I once had a friend who watched religious programming heavily – particularly the preaching ministries on Daystar or whatever other Christian channels were available. I used to listen to the radio versions of some of these shows long ago. They’re pretty educational at first, but after a while, they’re just grating. Yes, I know, preachers are supposed to remind us of the things we’ve already been taught far more than they’re supposed to develop new insights. But there are only so many times you can listen to the trite sloganeering that some of these programs offer when you’ve already put yourself through the “advanced class” of reading serious, deep theological works like those of the earliest Christians (the bulk of which is available to anyone for free at CCEL and The Tertullian Project). And once you realize that some of the most strongly-pressed doctrines on some of these shows are total lies (e.g., “once saved, always saved“), TV/radio evangelists really start to lose their luster.
But some of these evangelists’ slogans are more vacuous than others, and there’s one that I’m finding particularly obnoxious today. I’ll let you know why it’s chewing me up particularly badly of late in a little bit…but first, the offending slogan itself:
“God has a plan for your life!”
Okay, don’t get me wrong here: This particular slogan isn’t grating because it’s not true – it absolutely is true. The problem is that evangelists and their audiences alike take it to imply way more than it ought to. They take it to mean that your life is some grand story that, though it may be in the doldrums now, is sooner or later going to take off in this trailblazing new direction that will justify all the misery you’ve endured so far. To them, “God has a plan for your life!” means that your life will end up with you standing atop a mixed pile of money, your slain enemies, and whatever other padding you need so you can stand 10 feet tall, surveying your conquests. Seriously, just listen to religious programming all week, and I guarantee at least one preacher that week will tell you, “Don’t worry if you’re living in a shack with no car, a crappy job, mouths to feed, a family that hates you, and no immediate prospects of anything ever getting better. Friend, I’m here to tell you that God has a plan for your life!”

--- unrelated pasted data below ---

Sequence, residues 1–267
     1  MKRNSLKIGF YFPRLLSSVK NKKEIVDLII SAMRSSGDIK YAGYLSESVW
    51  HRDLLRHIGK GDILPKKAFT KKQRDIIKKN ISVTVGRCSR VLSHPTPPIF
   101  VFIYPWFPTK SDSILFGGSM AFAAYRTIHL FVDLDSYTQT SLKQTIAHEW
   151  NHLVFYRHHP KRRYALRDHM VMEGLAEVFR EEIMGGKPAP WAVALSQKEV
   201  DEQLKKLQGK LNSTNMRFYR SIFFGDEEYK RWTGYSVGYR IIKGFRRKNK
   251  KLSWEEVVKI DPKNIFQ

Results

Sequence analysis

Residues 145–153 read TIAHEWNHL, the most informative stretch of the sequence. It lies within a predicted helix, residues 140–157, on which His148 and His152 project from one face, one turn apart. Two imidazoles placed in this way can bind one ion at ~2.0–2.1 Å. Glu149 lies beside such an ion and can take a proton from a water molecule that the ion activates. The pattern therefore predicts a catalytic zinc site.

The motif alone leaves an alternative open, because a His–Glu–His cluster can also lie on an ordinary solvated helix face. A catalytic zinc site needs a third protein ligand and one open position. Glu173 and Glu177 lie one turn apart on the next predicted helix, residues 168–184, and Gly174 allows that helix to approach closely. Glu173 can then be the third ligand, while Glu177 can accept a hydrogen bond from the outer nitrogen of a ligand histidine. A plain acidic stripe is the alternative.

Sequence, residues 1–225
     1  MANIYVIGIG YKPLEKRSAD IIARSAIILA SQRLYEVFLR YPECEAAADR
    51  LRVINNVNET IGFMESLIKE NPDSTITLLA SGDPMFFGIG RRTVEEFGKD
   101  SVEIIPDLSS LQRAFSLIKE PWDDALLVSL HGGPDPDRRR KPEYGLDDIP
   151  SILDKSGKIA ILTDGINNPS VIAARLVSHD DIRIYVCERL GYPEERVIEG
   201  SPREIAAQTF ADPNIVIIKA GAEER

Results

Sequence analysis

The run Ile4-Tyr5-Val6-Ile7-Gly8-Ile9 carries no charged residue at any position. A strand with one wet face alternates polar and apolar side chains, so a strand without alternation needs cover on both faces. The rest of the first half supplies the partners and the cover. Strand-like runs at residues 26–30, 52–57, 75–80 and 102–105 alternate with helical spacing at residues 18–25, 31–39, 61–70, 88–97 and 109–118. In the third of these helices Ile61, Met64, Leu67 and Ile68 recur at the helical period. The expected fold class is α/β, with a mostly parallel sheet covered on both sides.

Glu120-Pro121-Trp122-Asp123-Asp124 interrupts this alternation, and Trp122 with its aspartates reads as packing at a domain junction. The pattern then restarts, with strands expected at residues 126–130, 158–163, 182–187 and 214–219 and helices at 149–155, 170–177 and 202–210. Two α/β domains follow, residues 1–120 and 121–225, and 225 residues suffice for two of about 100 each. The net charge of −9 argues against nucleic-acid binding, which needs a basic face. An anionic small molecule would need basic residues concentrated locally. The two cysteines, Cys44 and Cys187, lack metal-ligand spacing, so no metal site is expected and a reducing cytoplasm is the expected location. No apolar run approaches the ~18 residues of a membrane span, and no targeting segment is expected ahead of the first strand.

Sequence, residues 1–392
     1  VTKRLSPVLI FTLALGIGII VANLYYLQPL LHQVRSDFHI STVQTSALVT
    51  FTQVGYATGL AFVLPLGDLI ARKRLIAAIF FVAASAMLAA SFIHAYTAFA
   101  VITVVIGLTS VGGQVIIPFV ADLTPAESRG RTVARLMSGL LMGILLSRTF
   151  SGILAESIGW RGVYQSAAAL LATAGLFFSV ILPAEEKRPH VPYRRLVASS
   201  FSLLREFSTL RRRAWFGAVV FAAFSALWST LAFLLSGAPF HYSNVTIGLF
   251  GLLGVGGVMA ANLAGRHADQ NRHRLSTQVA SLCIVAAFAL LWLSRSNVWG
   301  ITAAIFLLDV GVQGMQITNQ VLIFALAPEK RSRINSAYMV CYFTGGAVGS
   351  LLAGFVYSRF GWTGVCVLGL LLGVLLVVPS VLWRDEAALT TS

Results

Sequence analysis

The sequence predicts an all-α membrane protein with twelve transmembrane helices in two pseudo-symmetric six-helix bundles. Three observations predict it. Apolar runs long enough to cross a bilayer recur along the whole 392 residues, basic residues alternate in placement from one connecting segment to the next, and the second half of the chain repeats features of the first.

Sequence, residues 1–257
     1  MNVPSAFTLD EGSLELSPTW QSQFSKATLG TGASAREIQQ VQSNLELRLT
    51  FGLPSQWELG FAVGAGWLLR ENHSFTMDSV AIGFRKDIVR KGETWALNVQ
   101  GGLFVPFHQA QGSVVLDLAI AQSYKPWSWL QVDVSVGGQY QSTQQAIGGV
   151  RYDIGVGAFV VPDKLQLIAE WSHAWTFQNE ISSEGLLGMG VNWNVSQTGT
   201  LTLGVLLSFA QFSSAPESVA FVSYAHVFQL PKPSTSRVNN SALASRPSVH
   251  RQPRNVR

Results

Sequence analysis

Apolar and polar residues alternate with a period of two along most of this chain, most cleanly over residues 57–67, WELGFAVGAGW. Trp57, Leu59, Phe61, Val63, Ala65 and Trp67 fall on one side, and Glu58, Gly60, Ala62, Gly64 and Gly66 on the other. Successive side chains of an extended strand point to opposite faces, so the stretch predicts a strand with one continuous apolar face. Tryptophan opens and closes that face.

Hey, that’s great news, right?!? God has a plan for your life! And you know what that means…
…that means what, exactly?
Think about it a second. Say God does have a plan for your life (and, again, I totally believe He does).
Does that matter when you don’t know what the plan is?